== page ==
How to Scare a Writer In Six Words Or Less

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It’s only happened maybe a few times outside of school when a simple and seemingly harmless question has caught me off guard. No one thinks much of asking it but when they say it aloud it’s like they’ve hit a pause switch in my head and I all but stutter, stunned into awkward silence where suddenly I have no idea how to talk or form a thought. I make noises but they’re only half-syllables, each of my trains of thought deserting me on an empty set of broken tracks.

The person blinks at me, weirded out by my odd reaction. The question was simple enough:

So what is your story about?

My reaction:


Yes, it is a simple question. It’s a question every writer should expect to be asked when they say they write, and it has different forms, too; what do you write about? What genre do you love to write? What was your last project about? Why do you write that stuff?


The words twist my tongue into an unsolvable knot and my brain flatlines entirely. I don’t know why this question is so awkward, so intrusive, as if the unknowing inquisitor has asked to read my diary page about losing my virginity but I know several writers who dread being asked. I have not met one writer who doesn’t cringe when expected to talk about their writing or talk about a story they’ve created.

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Another writer had asked me this question and I did the process described above. Another friend (unsure if he writes as well but he seems knowledgeable of the paralyzing power of the question) cried out, “NO! You never ask a writer that! You’re freaking her out!”

Indeed, the damage was done and I had internally freaked without realizing it or being able to stop myself.

It’s like a mind-convulsing panic attack with a dash of sour anxiety sprinkled atop.


I don’t mind telling people about my writing. I suppose it just feels like I’m being held at gunpoint to explain my entire novel, my entire portfolio, in a blurb, trying to impossibly fit everything into a simple few-worded answer. It boils down to that the curious person doesn’t understand the multitude of the floodgate they have just unlocked; I don’t just write this one simple thing, I write many things with many subtexts woven in! I don’t write only horror stories, but I indulge in fantasy writings. Even some fantasy writings aren’t just fantasy, I also dabble into surrealistic musings! It’s one river forking into another, all feeding into the sea of my entire writing embodiment! Fluidly flowing from one project to the next, all connected by small details or themes that play central roles to my variety of characters/settings.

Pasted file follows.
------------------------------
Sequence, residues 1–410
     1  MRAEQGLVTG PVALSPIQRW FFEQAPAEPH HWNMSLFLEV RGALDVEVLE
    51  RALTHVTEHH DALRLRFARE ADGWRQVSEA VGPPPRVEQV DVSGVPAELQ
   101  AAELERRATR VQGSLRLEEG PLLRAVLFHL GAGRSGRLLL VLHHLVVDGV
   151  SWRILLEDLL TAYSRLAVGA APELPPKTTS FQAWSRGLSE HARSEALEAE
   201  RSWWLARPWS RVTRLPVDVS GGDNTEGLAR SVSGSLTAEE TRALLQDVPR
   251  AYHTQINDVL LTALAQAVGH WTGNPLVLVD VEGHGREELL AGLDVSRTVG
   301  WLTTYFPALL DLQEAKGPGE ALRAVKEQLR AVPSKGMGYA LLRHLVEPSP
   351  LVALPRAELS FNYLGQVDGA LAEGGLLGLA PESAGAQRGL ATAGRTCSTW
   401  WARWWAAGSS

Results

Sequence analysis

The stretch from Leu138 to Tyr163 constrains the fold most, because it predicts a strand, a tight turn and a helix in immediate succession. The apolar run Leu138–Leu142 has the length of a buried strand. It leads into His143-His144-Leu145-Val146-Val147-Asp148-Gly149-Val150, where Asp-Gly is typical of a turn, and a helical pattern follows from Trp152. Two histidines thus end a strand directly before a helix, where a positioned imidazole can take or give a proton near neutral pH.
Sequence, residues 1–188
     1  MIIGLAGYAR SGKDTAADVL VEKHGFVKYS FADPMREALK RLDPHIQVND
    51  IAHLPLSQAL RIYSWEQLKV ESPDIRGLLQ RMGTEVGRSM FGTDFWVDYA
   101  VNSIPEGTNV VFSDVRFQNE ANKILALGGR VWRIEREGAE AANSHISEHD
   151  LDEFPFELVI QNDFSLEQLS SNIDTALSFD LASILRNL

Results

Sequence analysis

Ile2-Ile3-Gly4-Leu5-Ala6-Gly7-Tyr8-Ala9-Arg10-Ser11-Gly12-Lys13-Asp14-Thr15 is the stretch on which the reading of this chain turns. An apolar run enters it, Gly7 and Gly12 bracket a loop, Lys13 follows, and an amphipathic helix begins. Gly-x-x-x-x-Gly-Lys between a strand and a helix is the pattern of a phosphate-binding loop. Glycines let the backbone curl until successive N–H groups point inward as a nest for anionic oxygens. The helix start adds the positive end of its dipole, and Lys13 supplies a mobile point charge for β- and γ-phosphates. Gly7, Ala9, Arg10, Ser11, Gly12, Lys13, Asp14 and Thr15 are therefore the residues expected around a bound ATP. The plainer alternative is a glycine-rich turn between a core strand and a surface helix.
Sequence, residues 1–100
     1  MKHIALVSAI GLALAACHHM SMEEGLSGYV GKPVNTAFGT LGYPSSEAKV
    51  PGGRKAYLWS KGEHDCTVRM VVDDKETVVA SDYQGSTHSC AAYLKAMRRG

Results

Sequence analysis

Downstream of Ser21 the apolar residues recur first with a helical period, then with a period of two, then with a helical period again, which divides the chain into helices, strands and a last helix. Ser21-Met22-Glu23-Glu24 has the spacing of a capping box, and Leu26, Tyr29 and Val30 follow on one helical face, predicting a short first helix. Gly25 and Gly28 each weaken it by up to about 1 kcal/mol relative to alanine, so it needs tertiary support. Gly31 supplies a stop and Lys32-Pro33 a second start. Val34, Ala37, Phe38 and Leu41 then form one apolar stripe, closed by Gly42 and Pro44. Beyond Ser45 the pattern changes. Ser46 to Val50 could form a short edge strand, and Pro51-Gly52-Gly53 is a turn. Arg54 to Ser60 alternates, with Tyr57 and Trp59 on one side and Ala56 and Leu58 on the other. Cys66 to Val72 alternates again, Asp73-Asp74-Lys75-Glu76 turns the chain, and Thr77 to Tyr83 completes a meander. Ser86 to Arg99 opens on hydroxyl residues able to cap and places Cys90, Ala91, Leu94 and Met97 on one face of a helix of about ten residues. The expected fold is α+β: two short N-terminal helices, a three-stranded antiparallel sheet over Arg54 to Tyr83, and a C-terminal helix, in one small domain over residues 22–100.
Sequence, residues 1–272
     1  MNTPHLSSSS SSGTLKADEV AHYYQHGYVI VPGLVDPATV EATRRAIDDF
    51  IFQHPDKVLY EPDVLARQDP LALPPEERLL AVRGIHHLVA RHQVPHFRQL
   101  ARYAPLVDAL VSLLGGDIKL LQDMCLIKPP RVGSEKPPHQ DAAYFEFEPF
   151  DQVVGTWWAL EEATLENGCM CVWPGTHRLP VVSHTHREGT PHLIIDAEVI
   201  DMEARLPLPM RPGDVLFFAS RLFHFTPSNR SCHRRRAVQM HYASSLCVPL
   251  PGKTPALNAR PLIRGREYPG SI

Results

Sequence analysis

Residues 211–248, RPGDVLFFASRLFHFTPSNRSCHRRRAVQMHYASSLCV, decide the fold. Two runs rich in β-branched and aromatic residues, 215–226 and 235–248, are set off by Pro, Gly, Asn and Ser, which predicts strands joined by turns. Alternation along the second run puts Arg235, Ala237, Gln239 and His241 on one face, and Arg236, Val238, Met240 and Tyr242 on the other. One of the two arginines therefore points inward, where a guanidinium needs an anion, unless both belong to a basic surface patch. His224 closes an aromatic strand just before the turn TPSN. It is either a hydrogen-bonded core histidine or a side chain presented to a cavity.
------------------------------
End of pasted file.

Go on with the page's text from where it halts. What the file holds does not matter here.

See, even that explanation there is a bit hectic and that’s me putting it down in a calm manner. There is no way to be calm about it; this is my mental process. It’s crazy, it’s sometimes a little incoherent to anyone but me as if I can hear voices in my head in a language only I can understand and interpret. There’s no way for me to map anything out without coming off a bit unhinged, therefore, I’m nervous to even try.

There’s the simpler reasons, too, why this question is so pointed and uncomfortable, like a ready arrowhead pressed to our jugular, its stem pulled back in the ready, taut string of a bow. To reveal what we write is to reveal ourselves; we can be deciphered and judged by what we choose to think about, create, and then commit to electronic/hardcopy paper. After all, what does the general reader think about people who read/write about serial killers? If they go into fairly creative detail, one may get thoughts that the writer might have experience with some of the heinous things they’re writing bout. What kind of a person would enjoy reading/writing such horrible things?

FYI I love reading and studying about serial killers and every time the news talks about a murderer who also loved studying the same topics I’m always nervous that I will be pegged for a would-be murderer. Anyone else a huge fan of the Mindhunter series on Netflix? Oh my god, how amazing was the actor who portrayed Ed Kemper?


Putting it simply, showing what we love to write reveals what we are passionate about, which is a sensitive part of ourselves to show for judgement and the possibility of rejection/acceptance. It’s a bit hard when someone says “Oh you write horror stories? I don’t really like scary stuff that much.” It’s a little pinch at my ego, like “Oh? Okay. That’s fine. It’s just…what I like. But okay.”

Writers want to be heard so we want our work to be read. For a lot of us, it’s hard enough connecting to the general population. As introverted as I am, it’s difficult to let myself to put into social situations and not feel like people have snubbed me before they’even said hi to me or vice versa. My writing is precious, as awful as it is before I edit the hell out of it, and it’s nerve-wracking to try to talk it up when I’d rather it speak for itself.

So perhaps, general public, instead of asking us “what is your story about” perhaps just say “can I read it” or “do you have a copy I can have?” Trust me, it’s a lot friendlier, more supportive, and you’ll understand what the writer is pouring their mind, emotions, and soul into all at once, like a wordy cocktail served directly from the word-tender themselves (yes, a bad metaphor, just roll with me). It’s easier for everyone and it helps the writer feel they have an audience. Give it a try! And writers, perhaps do the same for a writer friend.


Until then, keep writing and be careful what you ask a writer!


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